Jailed paedophile priest James Robinson yet to be defrocked by Catholic Church
A jailed priest who preyed on young boys has NOT been defrocked by the Roman Catholic church – despite pleas directly to the Pope.
The news will sicken victims of Father James Robinson, currently serving a 21-year sentence for vile crimes dubbed “unimaginably wicked” by a Birmingham Crown Court judge.
One man, a victim of fellow twisted cleric Eric Taylor, has spent two years lobbying the Vatican, Birmingham Archdiocese and the Archbishop of Westminster in a bid to get Robinson “laicised” – kicked out of the priesthood.
He has also called on Pope Francis to bestow the ultimate punishment on the predatory priest – excommunication.
Taylor died in prison after being jailed for abusing boys at Coleshill’s Father Hudson Society home, but former boxer Robinson, now 76, is still alive and well, although behind bars.
He was collared in the American sunshine state of California six years ago and extradited to face the music for his monstrous crimes.
The evil priest, known as Father Jim, was slapped behind bars in 2010 for the systematic abuse of boys in parishes across the Midlands.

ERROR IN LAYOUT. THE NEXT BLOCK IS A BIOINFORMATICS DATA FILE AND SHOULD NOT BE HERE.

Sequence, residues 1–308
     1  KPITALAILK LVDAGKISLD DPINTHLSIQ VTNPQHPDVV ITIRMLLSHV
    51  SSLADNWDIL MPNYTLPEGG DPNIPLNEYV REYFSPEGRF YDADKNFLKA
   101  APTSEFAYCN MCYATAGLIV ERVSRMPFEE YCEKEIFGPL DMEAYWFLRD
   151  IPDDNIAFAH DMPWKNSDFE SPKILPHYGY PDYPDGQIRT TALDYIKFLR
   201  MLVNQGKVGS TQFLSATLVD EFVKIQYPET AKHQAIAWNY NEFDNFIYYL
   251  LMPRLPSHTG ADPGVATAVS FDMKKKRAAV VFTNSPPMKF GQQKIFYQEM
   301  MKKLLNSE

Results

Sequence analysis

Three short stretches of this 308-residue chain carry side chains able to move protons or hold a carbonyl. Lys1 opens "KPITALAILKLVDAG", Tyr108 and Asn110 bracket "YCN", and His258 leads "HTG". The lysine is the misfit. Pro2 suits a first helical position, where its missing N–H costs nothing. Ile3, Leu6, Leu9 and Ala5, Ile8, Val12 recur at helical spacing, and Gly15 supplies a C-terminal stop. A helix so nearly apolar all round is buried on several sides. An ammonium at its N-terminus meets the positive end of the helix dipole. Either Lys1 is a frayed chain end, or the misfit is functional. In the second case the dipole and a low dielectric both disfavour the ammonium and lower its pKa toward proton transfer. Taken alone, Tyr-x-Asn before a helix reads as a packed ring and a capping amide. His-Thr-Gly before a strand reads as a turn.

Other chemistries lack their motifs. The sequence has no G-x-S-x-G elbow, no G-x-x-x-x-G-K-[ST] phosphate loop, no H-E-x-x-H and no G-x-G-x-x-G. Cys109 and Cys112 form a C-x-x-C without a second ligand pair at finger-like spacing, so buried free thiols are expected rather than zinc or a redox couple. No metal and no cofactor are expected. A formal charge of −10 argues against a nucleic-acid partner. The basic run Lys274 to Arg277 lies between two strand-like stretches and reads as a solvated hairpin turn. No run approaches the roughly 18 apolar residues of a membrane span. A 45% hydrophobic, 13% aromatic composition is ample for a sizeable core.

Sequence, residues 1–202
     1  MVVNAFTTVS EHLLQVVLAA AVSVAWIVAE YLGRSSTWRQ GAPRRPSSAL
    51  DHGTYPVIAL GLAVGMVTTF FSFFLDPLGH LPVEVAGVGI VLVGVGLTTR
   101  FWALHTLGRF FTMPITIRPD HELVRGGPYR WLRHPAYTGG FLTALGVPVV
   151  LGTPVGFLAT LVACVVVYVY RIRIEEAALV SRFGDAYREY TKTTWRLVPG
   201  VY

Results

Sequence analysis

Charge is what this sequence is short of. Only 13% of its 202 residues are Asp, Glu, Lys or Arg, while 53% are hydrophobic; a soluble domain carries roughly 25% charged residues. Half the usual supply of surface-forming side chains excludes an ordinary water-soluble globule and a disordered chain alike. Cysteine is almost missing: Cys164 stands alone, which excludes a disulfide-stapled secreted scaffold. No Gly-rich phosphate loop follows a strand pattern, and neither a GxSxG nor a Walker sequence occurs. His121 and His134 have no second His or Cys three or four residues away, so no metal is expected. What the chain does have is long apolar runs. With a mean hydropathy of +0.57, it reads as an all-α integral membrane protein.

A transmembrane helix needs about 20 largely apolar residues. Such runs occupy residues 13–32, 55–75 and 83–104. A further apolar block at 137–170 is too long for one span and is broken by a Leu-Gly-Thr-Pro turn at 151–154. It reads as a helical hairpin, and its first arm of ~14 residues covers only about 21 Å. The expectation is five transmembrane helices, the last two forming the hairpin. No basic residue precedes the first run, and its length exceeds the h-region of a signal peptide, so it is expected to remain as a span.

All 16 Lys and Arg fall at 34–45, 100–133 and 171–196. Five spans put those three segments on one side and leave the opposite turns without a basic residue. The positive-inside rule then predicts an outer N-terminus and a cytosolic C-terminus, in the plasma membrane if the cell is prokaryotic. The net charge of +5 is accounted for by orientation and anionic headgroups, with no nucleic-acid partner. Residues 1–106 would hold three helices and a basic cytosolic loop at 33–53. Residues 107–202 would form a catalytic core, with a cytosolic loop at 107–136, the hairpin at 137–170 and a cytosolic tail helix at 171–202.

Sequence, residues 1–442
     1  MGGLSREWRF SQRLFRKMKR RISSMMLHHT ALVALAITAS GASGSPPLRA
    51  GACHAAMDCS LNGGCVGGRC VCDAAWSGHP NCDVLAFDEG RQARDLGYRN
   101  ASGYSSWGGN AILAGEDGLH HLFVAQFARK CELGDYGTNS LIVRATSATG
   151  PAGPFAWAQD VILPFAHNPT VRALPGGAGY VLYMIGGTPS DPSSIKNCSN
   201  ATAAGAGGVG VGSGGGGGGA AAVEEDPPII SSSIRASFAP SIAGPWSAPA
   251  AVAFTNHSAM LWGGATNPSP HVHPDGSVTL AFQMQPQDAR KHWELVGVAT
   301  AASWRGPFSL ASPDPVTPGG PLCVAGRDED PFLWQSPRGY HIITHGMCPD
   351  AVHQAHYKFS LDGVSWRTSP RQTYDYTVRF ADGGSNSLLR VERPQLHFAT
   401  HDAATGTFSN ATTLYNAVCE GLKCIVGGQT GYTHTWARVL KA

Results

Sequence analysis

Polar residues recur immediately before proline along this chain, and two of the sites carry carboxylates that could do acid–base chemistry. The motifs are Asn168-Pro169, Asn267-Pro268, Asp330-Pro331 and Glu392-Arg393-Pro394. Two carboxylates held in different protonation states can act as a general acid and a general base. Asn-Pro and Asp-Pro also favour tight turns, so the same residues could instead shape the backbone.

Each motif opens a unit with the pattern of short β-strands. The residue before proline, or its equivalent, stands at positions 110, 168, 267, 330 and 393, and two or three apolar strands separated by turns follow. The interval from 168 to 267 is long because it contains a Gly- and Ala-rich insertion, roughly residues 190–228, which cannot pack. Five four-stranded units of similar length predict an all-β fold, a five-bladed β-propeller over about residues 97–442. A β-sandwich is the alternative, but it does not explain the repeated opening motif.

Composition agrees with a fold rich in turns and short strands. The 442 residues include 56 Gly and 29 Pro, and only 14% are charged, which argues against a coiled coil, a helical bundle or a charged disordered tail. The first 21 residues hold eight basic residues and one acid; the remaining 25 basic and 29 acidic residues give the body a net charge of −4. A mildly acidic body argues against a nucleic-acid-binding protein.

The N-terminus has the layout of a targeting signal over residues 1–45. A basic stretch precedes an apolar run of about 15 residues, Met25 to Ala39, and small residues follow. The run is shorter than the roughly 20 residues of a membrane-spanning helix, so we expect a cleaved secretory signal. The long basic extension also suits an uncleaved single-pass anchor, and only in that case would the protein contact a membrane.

In a scathing indictment, Judge Patrick Thomas QC referred to Robinson as “devious, manipulative and bold”.
The trail of despair and broken lives Robinson left in his wake is a stain on the Catholic church, particularly the Birmingham Catholic church.
The priest with fighter’s features fled to America in 1985 as the net closed on his sickening, secret life.
A lack of information from these shores allowed Robinson to work as a priest in California where, incredibly, he received £800 per month from the Archdiocese of Birmingham until 2001.
Catholic Church top brass in the Second City may have been oblivious to the depths of Robinson’s depravity, but there is no doubt that his perversion was rewarded with a pay packet.
Father Jim returned to Britain in 2009, when he was a wanted man, to visit a sick family member. He slipped out of Britain unnoticed.
During that visit, he was confronted by a victim.
There has been a catalogue of correspondence between the victim and the highest echelons of the Papal powerhouse.
And the Mvictim, abused by Eric Taylor from the age of seven to 16, believes there is a good reason for the church’s ponderous approach to banishing the priest.
“Robinson is a gangster,” claimed the pensioner, who now lives in Scotland. “He was embedded in the boxing thing and the whole thing surrounding boxing. He mixed with the faces.
“If he is laicised – and he does not want to be – he will spill the beans, and the church knows that.
“Metaphorically, he knows where the bodies are buried. He will sing like a bird.
“People like him should not be given a second chance; they should not be allowed to move on. Victims do not have a life – their lives have been taken from them.”
The sweet smell of church incense solemnly swung by Robinson has been replaced by the sewer stench of his crimes – but, amazingly, he is still a priest.